If you’ve ever entertained fantasies of going on a safari hunt in Africa in the ‘30s, or perhaps you just watched Taylor Swift’s “Wildest Dreams” music video, The Snows of Kilimanjaro is the right short story collection for you. In typical Hemingway style, his minimalist writing disguises the complexity of his settings, giving short glimpses into the psyche of the cast of washed-up characters. The stories range in length but carry the same punch no matter how long or short they are. The shortest, A Day’s Wait, gives a moving sketch of a young boy’s brush with death, packing more emotion into three pages than most novels.


Judd Apatow
In the past few years, Judd Apatow has taken a turn from a comedy writer and director to becoming comedy’s historian, celebrating his heroes such as Garry Shandling in documentary form. Sick In The Head is his attempt at categorizing what makes comedians so unique to begin with, and what drives them to create. In doing so, he gets back to his roots as a comedy nerd, having started his career interviewing stand-ups in high school. The format allows you to skip around and find something to dig into no matter where you look, and Apatow’s interview skills preserve the intimacy of each conversation.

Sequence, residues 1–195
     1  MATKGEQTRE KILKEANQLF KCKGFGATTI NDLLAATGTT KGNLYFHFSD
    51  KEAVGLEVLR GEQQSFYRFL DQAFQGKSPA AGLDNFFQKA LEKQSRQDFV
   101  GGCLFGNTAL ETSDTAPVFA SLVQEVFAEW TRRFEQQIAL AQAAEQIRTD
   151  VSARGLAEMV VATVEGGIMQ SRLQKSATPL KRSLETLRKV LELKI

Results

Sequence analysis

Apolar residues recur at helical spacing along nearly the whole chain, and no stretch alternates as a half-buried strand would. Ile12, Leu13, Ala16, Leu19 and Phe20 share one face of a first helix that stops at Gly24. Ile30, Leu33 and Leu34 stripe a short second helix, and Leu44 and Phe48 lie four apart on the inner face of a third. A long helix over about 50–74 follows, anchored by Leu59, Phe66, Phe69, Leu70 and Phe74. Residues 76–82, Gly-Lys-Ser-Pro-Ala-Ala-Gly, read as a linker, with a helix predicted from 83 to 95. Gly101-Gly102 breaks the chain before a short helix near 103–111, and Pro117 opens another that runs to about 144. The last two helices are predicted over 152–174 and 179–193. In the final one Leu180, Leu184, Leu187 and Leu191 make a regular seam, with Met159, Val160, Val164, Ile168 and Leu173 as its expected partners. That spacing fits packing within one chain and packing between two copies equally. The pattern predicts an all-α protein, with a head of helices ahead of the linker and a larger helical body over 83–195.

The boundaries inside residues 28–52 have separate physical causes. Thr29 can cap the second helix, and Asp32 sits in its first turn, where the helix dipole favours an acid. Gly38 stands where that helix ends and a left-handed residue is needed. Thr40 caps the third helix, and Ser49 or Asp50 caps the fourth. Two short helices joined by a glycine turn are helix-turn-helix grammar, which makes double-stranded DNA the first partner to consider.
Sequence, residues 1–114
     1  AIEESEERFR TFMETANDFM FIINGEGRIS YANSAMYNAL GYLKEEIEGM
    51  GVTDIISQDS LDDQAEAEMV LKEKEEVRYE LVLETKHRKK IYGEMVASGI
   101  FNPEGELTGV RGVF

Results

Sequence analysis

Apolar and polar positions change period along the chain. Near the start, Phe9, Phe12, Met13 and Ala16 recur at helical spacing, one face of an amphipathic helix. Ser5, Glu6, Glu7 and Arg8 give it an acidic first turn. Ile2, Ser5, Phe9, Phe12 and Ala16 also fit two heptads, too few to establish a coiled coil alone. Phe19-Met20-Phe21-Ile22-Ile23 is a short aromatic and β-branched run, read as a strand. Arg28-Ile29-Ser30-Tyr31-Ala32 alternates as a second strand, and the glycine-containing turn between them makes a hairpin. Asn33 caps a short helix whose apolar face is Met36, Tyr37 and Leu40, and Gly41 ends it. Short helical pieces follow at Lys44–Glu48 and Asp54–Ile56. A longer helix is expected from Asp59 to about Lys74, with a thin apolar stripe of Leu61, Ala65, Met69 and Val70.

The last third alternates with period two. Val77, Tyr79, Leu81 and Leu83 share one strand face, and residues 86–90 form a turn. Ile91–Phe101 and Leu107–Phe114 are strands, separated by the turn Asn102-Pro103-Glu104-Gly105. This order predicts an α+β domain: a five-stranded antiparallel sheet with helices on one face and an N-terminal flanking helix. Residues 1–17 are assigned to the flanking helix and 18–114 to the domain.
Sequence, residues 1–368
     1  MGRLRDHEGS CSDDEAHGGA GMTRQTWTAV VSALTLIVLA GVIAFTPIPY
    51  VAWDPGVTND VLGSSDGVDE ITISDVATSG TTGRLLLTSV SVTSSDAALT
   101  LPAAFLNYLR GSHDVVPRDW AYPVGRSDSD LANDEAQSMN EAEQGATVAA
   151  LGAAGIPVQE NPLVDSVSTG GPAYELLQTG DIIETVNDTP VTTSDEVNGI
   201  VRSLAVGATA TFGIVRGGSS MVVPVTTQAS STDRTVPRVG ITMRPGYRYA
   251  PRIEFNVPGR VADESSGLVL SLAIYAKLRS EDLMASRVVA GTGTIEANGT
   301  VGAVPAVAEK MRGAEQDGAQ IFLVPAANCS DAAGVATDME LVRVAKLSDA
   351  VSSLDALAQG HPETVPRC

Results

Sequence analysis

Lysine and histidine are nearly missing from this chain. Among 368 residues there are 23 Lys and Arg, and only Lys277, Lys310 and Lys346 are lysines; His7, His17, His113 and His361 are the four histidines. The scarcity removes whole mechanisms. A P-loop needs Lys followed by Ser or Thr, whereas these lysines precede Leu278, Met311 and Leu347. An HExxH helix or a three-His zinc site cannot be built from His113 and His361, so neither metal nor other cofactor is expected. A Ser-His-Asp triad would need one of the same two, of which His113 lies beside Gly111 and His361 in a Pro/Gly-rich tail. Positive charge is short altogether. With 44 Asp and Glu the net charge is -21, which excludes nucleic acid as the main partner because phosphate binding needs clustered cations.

Edited by Catherine Burns
Popular radio show The Moth comes in book form in All These Wonders, stories that were selected to highlight “facing the unknown.” Like many of The Moth’s best spoken-word stories, each selection is poignant, hilarious, and moving, with topics spanning all walks of life. Luckily, the energy of The Moth’s well-known live storytelling is preserved by the format, thanks in part to talented writers and comedians such as Tig Notaro and Hasan Minhaj.


Mark Greif
What does Mark Greif want? He wants you to be against everything -- hence the title of the book. The essays inside take down things like exercise and food snobbery, but at the same time, Greif spends four essays directly answering the meaning of life, and addressing why he finds so many things objectionable. As he says in his introduction, “This is not a book of critiques of things I don’t do. It’s a critique of things I do.” That self-awareness carries throughout the book and ensures that each essay feels fresh and hilarious, despite being so anti-, well, everything.